Eugene Chen, who was born in Trinidad in 1878 and passed away in Shanghai, is best known as a foreign minister to four different Chinese governments, including Sun Yatsen’s. After all, it was Sun’s speech in London to a group of overseas Chinese that inspired Chen to move to China and support the new government, despite the fact that Chen couldn’t even speak Chinese.
One of Chen’s greatest achievements came in 1927 when he helped China reclaim the colonial port cities Hankou and Jiujiang from the British government. But he’s also known for founding some English-language papers in China, and some consider him one of the earliest overseas Chinese to practice law.
But did you know that he also married the French Creole Agatha Alphosin Ganteaume, also called Aisy, in 1899? I found this account of their marriage, published in Return to the Middle Kingdom: One Family, Three Revolutionaries, and the Birth of Modern China, rather fascinating:
…in the atmosphere of strong racial prejudices, it was still a mystery how a Chinese and a French Creole were finally affianced and married, even allowing for the fact that Aisy was a young girl of great resource and that Eugene had even then shown a talent for diplomacy. The key to the mystery was in Monsieur Gantheume’s hand.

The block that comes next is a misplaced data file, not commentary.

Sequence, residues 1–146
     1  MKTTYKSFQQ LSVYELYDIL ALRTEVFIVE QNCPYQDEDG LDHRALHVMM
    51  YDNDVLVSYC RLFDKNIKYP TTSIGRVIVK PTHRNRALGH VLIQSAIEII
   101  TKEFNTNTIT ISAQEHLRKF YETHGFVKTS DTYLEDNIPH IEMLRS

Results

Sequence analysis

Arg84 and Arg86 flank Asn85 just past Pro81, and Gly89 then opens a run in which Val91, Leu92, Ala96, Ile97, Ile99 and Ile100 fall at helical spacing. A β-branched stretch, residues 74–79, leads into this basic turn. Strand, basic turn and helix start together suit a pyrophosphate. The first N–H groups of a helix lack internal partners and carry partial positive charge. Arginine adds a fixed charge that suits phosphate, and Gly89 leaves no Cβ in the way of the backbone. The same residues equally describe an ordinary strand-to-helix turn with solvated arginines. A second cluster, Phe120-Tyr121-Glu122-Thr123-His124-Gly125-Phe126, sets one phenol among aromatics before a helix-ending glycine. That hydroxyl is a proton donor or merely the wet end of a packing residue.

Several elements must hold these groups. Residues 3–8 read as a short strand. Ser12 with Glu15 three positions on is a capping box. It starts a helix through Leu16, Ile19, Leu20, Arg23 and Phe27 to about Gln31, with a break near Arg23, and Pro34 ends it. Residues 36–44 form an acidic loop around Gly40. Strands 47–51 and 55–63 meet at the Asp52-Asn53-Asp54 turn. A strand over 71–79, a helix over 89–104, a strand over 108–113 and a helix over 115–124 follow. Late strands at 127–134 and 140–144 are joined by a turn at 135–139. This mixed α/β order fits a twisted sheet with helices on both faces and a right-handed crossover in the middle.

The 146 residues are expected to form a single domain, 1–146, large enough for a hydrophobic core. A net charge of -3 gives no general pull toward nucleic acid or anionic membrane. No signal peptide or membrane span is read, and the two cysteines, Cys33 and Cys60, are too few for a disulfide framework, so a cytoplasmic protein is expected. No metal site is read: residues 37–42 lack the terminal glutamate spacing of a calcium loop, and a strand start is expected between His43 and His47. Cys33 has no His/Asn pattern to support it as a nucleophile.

The marriage might have been a love match, but it would not have been too far from the truth to say it was initiated to some extent by Monsieur Gantheaume himself. Anxious to find a suitable husband for his high-spirited natural daughter, he might have requested the aid of the good sisters of St. Joseph and the good fathers of St. Mary’s. The good fathers of St. Mary’s recommended Eugene to the good sisters of St. Joseph, and both presented the candidate to Monsieur Gantheaume for inspection. Eugene, as human as any young enterprising lover, was more than ready to marry a wife with a dowry, considerable by the standard of the Chinese community, and an influential father.
The marriage also set a pattern for Eugene to follow in the future. At every critical stage of his life, he had an eye for the extraordinary opportunity and for taking an unusual course.
Was theirs a happy marriage, despite the challenges of that era? It’s a good question, one complicated by the fact that Chen had a mistress, who was also Creole, after he and Aisy were married.
Aisy passed away in 1926, and Chen would go on to marry Georgette Chen, a Chinese painter. But it’s nevertheless fascinating to know that Eugene Chen and Agatha Alphosin Ganteaume wedded at a time when interracial marriages were rare and even illegal in many countries.